GOP optimistic about health care reform bill as Dems predict political costs
Republicans inched closer to securing enough votes to pass their legislation to replace the Affordable Care Act Wednesday, but Democrats warned that they will face political consequences for weakening protections for patients with preexisting conditions.
Two prominent House GOP members who had said earlier this week that they would oppose the latest iteration of the American Health Care Act announced after meeting with President Donald Trump Wednesday that they would now support the bill.
An apparent deciding factor for Reps. Fred Upton, R-Mich., and Billy Long, R-Mo., was a new amendment that provides $8 billion more over five years for coverage of patients with preexisting conditions. Other holdouts have signaled openness to voting for the bill since the amendment was added as well.
The White House is pressuring the House to hold a vote before the end of the week, possibly as early as Thursday. There are still about 20 Republicans who have publicly said they will vote against it and others are still up in the air.
Rep. Steve Chabot, R-Ohio, said Upton and Long flipping on the bill was a “good sign,” but the effort to whip up 216 votes in favor of the AHCA continues.
“We don’t have those yet,” he said. “We’re hoping maybe we’ll have them by tomorrow.”
The biggest sticking points for GOP moderates so far have been provisions that enable states to opt out of some ACA protections and guarantees, including the assurance that patients with preexisting conditions could not be discriminated against. Some have also expressed concern about the scaling back of the Medicaid expansion.
Republicans maintain that waivers can only be granted if a state meets certain requirements, including establishing a high-risk pool for sicker patients. Chabot argued the ACA forces healthier patients to overpay by putting everyone in the same system.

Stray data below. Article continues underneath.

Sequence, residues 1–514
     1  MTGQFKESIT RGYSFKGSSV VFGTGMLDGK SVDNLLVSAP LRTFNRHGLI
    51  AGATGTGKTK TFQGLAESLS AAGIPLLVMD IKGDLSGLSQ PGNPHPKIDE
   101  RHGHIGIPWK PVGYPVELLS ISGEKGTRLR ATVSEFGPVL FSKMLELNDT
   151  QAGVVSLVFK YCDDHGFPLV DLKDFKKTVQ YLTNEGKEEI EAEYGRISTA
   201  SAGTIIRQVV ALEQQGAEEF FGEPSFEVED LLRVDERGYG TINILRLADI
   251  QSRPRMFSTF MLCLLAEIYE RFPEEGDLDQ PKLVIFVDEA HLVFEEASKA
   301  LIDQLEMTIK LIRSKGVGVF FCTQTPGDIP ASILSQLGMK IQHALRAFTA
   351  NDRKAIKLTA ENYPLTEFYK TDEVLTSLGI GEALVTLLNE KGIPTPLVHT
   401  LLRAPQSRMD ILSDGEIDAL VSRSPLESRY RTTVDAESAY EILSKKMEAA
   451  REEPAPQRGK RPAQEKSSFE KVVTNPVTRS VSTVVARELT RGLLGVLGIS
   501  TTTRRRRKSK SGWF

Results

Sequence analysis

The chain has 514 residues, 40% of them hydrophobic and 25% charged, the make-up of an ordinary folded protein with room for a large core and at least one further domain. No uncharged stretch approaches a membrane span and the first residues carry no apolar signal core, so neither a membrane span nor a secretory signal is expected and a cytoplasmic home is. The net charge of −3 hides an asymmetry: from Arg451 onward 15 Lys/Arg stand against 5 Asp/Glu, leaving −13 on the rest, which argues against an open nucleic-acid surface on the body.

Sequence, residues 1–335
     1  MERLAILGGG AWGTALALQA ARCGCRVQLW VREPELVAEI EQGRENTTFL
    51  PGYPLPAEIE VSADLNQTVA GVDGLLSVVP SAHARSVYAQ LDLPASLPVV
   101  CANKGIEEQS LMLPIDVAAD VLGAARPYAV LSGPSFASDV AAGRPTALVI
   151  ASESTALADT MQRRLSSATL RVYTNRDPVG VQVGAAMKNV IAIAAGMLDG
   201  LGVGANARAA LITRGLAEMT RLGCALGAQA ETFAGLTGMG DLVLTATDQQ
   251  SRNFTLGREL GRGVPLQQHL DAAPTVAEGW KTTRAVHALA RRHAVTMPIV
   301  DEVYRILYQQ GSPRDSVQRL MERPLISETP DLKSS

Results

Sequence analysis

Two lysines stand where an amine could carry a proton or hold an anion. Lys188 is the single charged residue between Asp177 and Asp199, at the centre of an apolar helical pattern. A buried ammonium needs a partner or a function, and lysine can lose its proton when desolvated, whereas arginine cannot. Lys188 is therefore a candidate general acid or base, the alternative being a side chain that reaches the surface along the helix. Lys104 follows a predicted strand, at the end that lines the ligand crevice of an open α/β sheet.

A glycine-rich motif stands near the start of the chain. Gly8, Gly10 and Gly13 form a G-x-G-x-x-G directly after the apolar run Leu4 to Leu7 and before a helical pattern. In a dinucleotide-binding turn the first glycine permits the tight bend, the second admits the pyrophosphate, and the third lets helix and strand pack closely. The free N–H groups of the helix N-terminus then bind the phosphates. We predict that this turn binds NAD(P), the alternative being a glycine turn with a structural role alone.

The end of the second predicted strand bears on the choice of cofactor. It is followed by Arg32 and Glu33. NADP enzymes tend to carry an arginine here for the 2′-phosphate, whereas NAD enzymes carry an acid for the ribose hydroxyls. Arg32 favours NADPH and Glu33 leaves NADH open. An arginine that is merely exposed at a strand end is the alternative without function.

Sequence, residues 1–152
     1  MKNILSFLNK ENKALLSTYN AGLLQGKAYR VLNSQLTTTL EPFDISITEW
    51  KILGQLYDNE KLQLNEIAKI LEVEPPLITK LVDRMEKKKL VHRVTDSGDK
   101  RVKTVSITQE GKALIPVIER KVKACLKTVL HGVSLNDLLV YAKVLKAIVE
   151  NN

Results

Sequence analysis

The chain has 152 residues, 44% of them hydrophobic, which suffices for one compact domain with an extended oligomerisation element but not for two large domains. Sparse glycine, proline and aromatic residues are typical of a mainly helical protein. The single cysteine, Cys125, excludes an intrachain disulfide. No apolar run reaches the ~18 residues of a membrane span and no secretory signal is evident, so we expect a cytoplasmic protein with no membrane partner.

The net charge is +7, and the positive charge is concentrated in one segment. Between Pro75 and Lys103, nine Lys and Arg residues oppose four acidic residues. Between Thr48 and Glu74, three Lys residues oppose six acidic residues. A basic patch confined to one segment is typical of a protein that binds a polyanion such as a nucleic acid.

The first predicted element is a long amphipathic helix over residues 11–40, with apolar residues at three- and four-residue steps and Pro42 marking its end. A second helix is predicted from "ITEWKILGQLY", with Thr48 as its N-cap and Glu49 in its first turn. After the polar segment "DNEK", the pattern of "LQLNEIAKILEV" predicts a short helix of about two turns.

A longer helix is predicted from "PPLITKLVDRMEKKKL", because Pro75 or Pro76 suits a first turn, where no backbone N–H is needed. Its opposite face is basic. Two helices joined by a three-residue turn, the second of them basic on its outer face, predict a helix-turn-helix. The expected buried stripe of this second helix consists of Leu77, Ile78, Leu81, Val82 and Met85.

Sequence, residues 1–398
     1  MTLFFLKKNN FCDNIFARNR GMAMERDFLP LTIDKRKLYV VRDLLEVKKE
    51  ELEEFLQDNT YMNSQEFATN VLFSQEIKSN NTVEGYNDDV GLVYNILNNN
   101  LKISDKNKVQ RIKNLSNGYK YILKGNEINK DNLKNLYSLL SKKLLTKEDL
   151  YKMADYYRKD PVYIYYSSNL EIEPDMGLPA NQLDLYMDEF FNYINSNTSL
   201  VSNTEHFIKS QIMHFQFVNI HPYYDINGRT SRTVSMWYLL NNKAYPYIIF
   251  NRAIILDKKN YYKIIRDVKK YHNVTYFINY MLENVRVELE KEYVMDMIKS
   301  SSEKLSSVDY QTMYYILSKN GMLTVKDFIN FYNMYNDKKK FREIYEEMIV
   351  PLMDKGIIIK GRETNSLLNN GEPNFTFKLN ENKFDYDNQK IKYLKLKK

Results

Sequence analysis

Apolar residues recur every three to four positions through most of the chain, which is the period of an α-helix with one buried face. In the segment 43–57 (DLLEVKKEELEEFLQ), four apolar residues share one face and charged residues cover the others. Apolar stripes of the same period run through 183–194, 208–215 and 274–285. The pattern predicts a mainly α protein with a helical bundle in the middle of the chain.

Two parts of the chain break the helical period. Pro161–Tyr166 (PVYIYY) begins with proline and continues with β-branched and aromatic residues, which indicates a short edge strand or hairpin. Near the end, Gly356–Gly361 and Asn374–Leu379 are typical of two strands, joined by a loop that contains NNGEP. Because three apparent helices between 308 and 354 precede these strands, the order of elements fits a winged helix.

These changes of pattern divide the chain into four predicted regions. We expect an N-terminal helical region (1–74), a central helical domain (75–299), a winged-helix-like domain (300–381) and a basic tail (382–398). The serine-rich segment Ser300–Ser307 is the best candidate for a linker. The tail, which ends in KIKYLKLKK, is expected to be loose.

“What we’re trying to do is have equity and fairness here,” he said. “Preexisting conditions will be covered.”
However, Democrats insist high-risk pools have failed to rein in costs for those with serious medical conditions in the past, and they say the federal funds Republicans are offering to bolster those plans are not nearly enough to keep coverage affordable.
According to Rep. David Cicilline, D-R.I., Democrats readily acknowledge the ACA is flawed and they have always been open to working with Republicans to improve it. They see the AHCA as a step backward, though, leaving 24 million fewer patients insured according to the Congressional Budget Office in order to give a massive tax cut to the wealthy.
“If they do this, they’re going to do real harm to millions of Americans,” he said.
Cicilline dismissed the GOP’s urgency to push a bill through the House as an effort to set up even more tax cuts for the rich under Trump’s tax reform plan.
“It’s really a tax cut bill disguised as a health care bill,” he said.
Rep. Dina Titus, D-Nev., said Republicans keep weakening protections for patients on Medicaid or suffering from preexisting conditions, despite their claims to the contrary.
“The more they try to fix it, the worse it gets,” she said.
Rep. Lois Frankel, D-Fla., called the preexisting condition coverage “the crown jewel of the Affordable Care Act.” Voting to repeal that provision will be “the kiss of death” for Republican lawmakers.
According to Rep. Markwayne Mullin, R-Okla., those alleging that the latest version of the AHCA endangers those with preexisting condition do not understand the bill.
“People with preexisting conditions are still going to have the opportunity to be covered,” he said, though he acknowledged that states would have the choice to opt out of the ACA’s requirements if they provide coverage through the high-risk pools.
Rep. Gerry Connolly, D-Va., said that such pools are not a sufficient substitute for a statutory guarantee of coverage.
“The current version before the Republican caucus would in fact gut the protection on preexisting conditions,” he said.
However, he said hesitant Republicans might see the new amendment as “a fig leaf” of political cover to throw their support behind the bill.
Rep. Darin LaHood, R-Ill., said he is “open-minded” about the legislation, but he insisted that those with preexisting conditions must remain protected while also cutting health care costs and offering patients more options.
“I think we have to start down this road of fixing heath care,” he said.
LaHood admitted that getting a bill to the president’s desk is still a steep climb, even for a party with a majority in both chambers of Congress.
“We’re going to have to have the fortitude, we’re going to have to work together to get that done,” he said.